Here is what you do to beat the heat in Texas:

– You drink your body weight in water. If I leave the house with out a water bottle I get a little bit panicky. Like how you feel when you leave behind your keys or your wallet. I may or may not carry around a jug of water that holds the amount of water you are supposed to drink in a day. I drink about three of them. HYDRATE!

– You swim. A lot. There is this place called Barton Springs down here, a place I highly recommend. It is a spring fed pool. It is huge. It is refreshing. It is like a little bit of heaven for these hades like days. We also spent a whole day floating down the river in inner tubes. Now if that isn’t summer, what is?

– You stay inside. This is a weird concept to me. You know you are a true Seattle-ite when you see  a sunny day and your mind INSTANTLY jumps to all the ways you can avoid being inside for the day. The difference is that in Texas it is sunny. A lot. So if you were to spend every day outside that was sunny, you would be spending 9 months of your life outside. Which sounds like a great plan, except 2-3 of those 9 months are days where the temperature creeps over 100 degrees and just meandering down the street leaves you drenched. So you stay inside. And write a blog. Or something.

– If you have a dog, you walk them EARLY in the morning and LATE at night. And they are still hot. And if you have a dog that is a HUGE goober and can’t seem to do anything normally, you will get irritated with the panting that sounds like a fighter jet. To combat said panting, you can soak a bandana in water, pop it in the freezer for a bit and then tie it around their neck. Not only do they look SUPER hip, but it cools down their body temperature. Win, win.

– You try to avoid making food that involves being around things that are warm. I have made a lot of salads (see below). Things that just involved chopping vegetables. Recipes that make giant batches so if the only energy you can muster is rolling off the couch and crawling to the fridge, you will have something to shove into your mouth, cutlery optional.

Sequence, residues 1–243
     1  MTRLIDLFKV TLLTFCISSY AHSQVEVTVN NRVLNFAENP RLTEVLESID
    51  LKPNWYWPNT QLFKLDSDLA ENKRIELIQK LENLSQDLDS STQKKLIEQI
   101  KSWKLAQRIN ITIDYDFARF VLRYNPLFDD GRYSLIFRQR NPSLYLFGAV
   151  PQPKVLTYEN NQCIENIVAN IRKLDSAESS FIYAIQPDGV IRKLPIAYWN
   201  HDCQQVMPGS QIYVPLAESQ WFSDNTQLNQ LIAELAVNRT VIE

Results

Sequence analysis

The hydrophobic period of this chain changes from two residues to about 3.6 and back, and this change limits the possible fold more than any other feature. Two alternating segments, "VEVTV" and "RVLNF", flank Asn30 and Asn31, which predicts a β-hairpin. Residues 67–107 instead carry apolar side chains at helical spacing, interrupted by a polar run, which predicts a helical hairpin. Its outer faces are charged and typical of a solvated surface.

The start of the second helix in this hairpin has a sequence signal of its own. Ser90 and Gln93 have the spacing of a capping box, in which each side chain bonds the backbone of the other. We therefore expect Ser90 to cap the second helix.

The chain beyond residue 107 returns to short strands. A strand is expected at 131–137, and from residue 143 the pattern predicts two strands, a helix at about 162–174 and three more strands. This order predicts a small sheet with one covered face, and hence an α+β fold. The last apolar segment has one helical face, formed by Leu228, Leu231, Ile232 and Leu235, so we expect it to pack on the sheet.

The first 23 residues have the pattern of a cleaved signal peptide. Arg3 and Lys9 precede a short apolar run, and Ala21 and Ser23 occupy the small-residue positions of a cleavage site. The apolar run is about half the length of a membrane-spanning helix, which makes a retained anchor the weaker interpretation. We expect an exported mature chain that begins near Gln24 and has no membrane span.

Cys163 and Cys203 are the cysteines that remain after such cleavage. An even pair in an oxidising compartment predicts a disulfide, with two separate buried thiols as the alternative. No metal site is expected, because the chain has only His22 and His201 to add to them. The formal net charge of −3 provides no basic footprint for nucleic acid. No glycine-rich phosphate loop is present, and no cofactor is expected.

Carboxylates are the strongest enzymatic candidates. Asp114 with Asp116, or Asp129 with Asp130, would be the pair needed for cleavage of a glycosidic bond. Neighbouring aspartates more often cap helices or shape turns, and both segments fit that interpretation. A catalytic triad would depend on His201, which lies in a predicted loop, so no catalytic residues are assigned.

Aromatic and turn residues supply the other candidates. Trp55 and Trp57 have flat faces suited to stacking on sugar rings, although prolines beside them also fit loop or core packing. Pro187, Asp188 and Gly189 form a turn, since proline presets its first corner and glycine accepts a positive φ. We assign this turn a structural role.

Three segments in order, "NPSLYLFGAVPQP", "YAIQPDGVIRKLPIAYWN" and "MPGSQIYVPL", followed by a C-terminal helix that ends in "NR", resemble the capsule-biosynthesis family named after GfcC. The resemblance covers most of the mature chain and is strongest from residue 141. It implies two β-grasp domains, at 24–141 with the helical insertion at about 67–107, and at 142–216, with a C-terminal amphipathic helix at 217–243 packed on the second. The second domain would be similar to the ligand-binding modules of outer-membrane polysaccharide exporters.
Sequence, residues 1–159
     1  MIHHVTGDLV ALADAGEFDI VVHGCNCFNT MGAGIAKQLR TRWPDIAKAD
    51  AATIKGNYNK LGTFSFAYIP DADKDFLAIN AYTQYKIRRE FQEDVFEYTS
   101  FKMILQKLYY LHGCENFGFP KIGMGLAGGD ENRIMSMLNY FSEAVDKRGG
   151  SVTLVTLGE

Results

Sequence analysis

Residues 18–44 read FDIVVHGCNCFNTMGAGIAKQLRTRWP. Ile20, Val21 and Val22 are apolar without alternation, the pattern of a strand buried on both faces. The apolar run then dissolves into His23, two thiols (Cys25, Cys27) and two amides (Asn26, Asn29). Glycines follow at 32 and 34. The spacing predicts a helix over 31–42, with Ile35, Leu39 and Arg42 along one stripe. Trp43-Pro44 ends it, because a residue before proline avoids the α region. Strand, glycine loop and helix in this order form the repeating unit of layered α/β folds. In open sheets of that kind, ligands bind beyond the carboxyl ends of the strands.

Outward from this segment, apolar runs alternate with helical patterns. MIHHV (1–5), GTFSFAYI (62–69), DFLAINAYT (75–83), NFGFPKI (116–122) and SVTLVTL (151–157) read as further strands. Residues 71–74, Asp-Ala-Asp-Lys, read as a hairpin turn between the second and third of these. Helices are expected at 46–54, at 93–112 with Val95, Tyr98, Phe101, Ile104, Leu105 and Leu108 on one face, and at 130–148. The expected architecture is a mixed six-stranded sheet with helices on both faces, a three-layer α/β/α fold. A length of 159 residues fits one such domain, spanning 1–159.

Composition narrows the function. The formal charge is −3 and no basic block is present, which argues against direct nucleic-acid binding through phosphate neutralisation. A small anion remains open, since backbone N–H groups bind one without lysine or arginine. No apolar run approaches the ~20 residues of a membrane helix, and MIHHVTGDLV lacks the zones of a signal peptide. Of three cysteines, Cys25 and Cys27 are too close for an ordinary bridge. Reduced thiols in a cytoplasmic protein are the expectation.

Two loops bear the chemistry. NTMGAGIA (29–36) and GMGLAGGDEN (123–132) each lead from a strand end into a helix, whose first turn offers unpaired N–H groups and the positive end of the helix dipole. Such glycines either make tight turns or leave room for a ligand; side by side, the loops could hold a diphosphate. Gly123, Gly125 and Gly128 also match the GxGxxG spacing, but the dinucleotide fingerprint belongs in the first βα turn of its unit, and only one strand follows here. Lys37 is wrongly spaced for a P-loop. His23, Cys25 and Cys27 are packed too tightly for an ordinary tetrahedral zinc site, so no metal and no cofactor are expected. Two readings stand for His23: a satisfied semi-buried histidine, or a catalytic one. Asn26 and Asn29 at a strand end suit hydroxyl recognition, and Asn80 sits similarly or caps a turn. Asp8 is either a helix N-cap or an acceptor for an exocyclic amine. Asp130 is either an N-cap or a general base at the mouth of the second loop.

I have been here less than two weeks and this place is already starting to seep into my skin. I am coming down with a sort of routine. I am exploring and tasting and taking the city in. I am planting roots, one way or another, and making this hot, hot city a place of my own.

Wild Rice and Kale Salad

Adapted from Whole Life Nutrition Cookbook

1.5 cups wild rice

3 3/4 water

Pinch of sea salt

6 leaves of kale (your choice on which kind.)

red bell pepper

2.5 cups wild rice

1 bunch green onions

Grated carrots

Avocado (optional)

Dressing:

1/2 cup lemon juice

1/4 olive oil

1 tsp cumin

salt and pepper to taste.

Bring water, rice and salt to a boil in a 3 quart pot with the lid on. Once boiling, reduce heat to low and simmer for 50-55 minutes. Remove from heat and let cool for about 30 minutes until you mix in the veggies.

Chop the kale, green onions, bell pepper and grate in the carrots. Mix all the veggies in with the cooled rice.

Prepare the dressing by mixing the lemon juice, olive oil, cumin and salt and pepper. Whisk together. Stir into veggies and rice.

Top with avocado for some delicious fat… mm. Avocado.

Raspberries and the Universe

My oh my, how the universe provides.

Things can be really stupid some days. Like those days that you step on a piece of glass at 4:30 in the morning, and then proceed to have a 1.5 hour commute to work. You can have those mornings where you are anticipating your morning iced coffee only to find it exploded all over you bag.

Those are the worst.

But then you have the days spent berry picking and gathering freckles on your face. The days where you catch up with old friends and stumble into something that might just shake up the entire foundation of who you are.

Those are the best.

With seven pounds of raspberries, I spent an afternoon canning. With a sun drenched hound dog at my feet and This American Life on the radio, I had a moment of perfection.

There are all kinds of changes in the air. At this point in time my world is saying, “Yeah, I got you. Go for it.”

And I am going to listen.

Raspberry Jam sweetened with Honey

Adapted from Mountain Mama Cooks

16 half pint jars (for those who haven’t canned, you can’t reuse the lids.. just the rings)